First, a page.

April 09, 2006

What we are reading today...

  • Schools Will Shut in 100,000 Flu Death Fear
    Bristish government officials are drawing up plans for widespread closure of schools to halve a potential 100,000 deaths among children in the event of an avian-flu pandemic.

  • Exercises in Fertility Can Be Very Unpleasant
    Every year, millions of American couples try to get pregnant, and every year thousands fail. For a vast majority of these couples the first step in their treatment is clomiphene, a drug that is effective and inexpensive. For as many as 30 percent of patients, it will solve the problem. But also for many, the side effects leave a lasting impression.

  • Science and Religion, Still Worlds Apart
    Should believers be encouraged when a miracle is corroborated by science, or disappointed that it might have been the outcome of natural forces?

  • Healing Rooms Embrace Prayer
    Trained volunteers pray over the sick in a modern-day faith-healing ministry practiced in storefronts and conference rooms. Does it really help?

  • New Online Resource Guide To Help Bulimia Sufferers
    Funded by a $300,000 grant from the Hilda and Preston Davis Foundation, the nonprofit ECRI has recently launched an online bulimia guide to provide everything a person needs to know — from how to recognize the problem in a loved one to how to evaluate insurance plans and treatment options.

  • Factory farms in Asia Blamed for Avian Flu Pandemic
    The insatiable demand for cheap food, the global poultry industry and the giant factory farms of south-east Asia have been blamed for spreading avian flu around the world.

  • Sides React To F.D.A. Study Rule
    The pharmaceutical industry applauds the Food and Drug Administration's decision to evaluate its process for phase 4 commitments, but analysts and consumer advocates don't think any significant changes will come out of the review.

  • Drug Plan's Side Effect Is Severe
    With the new Medicare drug program, thousands who take pills to fight cancer have found themselves with new bills to pay for their essential medicines.

  • British Rethinking Rules After Ill-Fated Drug Trial
    Although tests of TGN1412 in monkeys showed no significant trouble, all six human subjects nearly died. In response, the British government has announced it was convening an international panel of experts to "consider what necessary changes to clinical trials may be required" for such novel compounds.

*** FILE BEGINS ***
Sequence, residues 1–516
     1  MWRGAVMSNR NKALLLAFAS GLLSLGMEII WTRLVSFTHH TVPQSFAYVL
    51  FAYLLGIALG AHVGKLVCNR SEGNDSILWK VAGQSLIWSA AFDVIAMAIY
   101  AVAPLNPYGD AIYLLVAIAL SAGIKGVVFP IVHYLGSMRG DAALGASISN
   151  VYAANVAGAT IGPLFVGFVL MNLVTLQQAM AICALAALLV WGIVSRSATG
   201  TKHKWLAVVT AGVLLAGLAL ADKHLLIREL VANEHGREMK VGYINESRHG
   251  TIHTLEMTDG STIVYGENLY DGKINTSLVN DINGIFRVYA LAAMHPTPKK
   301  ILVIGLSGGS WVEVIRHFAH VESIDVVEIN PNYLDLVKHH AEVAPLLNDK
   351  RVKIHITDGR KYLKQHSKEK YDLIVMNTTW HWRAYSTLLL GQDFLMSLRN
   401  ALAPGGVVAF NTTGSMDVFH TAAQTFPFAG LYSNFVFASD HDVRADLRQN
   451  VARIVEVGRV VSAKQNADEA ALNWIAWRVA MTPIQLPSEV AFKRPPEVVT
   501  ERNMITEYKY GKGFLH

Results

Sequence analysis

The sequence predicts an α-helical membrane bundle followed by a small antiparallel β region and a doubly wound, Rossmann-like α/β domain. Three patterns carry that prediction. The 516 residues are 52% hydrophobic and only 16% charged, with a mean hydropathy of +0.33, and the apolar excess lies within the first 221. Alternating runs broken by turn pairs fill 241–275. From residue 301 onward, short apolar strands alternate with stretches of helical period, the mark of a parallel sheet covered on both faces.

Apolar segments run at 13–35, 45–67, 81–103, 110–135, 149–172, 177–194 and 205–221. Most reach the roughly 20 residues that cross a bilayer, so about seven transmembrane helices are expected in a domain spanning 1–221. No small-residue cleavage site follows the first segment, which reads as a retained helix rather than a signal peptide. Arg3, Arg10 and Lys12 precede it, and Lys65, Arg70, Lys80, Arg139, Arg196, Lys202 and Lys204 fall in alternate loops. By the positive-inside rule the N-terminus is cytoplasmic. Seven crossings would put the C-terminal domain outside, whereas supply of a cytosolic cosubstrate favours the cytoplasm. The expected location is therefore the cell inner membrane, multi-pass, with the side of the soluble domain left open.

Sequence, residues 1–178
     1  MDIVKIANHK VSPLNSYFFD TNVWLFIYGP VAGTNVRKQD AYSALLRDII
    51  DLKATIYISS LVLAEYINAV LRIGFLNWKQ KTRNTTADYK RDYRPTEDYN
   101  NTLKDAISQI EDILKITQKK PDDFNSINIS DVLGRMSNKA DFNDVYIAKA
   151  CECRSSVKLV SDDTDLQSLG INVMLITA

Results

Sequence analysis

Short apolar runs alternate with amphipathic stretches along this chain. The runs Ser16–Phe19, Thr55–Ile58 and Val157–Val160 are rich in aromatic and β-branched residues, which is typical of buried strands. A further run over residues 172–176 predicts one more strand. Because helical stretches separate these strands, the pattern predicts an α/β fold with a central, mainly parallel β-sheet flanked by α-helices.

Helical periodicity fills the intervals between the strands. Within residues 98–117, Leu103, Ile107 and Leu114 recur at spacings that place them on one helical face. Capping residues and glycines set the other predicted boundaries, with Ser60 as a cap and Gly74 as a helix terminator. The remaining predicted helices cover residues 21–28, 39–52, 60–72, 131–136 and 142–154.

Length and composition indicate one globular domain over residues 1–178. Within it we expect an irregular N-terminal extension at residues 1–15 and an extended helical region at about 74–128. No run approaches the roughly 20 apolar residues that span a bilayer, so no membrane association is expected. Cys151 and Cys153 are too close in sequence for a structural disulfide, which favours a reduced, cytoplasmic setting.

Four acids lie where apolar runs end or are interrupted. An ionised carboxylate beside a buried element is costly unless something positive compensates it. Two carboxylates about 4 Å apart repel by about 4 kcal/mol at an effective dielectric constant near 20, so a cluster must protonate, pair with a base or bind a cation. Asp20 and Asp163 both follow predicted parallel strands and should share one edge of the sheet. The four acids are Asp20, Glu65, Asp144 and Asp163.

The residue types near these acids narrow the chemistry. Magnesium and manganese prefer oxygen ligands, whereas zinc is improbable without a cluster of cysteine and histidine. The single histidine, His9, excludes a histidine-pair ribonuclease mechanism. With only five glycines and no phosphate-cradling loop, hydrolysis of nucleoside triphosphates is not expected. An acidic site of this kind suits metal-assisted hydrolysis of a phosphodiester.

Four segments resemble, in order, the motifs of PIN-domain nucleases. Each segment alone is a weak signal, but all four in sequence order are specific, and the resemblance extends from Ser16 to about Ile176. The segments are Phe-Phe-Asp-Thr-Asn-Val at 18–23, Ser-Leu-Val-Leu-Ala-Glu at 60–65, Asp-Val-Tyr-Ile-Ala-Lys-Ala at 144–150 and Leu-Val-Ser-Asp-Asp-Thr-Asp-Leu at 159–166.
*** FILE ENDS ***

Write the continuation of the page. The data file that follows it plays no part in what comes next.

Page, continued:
• Nanotech Raises Worker-Safety Questions
    No U.S. worker-protection rules yet address the specific risks of exposure to nanomaterials.

  • Beyond Swollen Limbs, a Disease's Hidden Agony
    Lymphatic filariasis, a disease that causes lymph nodes to swell is not curable, but health experts hope to eliminate the disease within a generation.

  • Secret Plan by the British NHS To Ration Patient Care?
    Patients are being denied appointments with consultants in a systematic attempt to ration care and save the NHS money. Leaked documents show that while government officials promise patients choice, a series of barriers are being erected limiting general practitioners' rights to refer people to consultants.

  • Study: 9/11 Escapees Have Health Problems
    A majority of survivors of the 2001 attacks that destroyed the World Trade Center suffered from respiratory ailments and depression, anxiety and other psychological problems up to three years later, federal health officials said Friday.

  • Nanopatterns Guide Stem Cell Development
    Stem cells can be prompted to grow into bone, instead of muscle or cartilage, purely by placing them on a nano-etched surface – with no added chemicals

  • Over-The-Counter Fat Blocker Gets Tentative OK
    GlaxoSmithKline has received conditional approval for over-the-counter sales of the weight-loss drug Xenical, a Food and Drug Administration spokeswoman said Friday.

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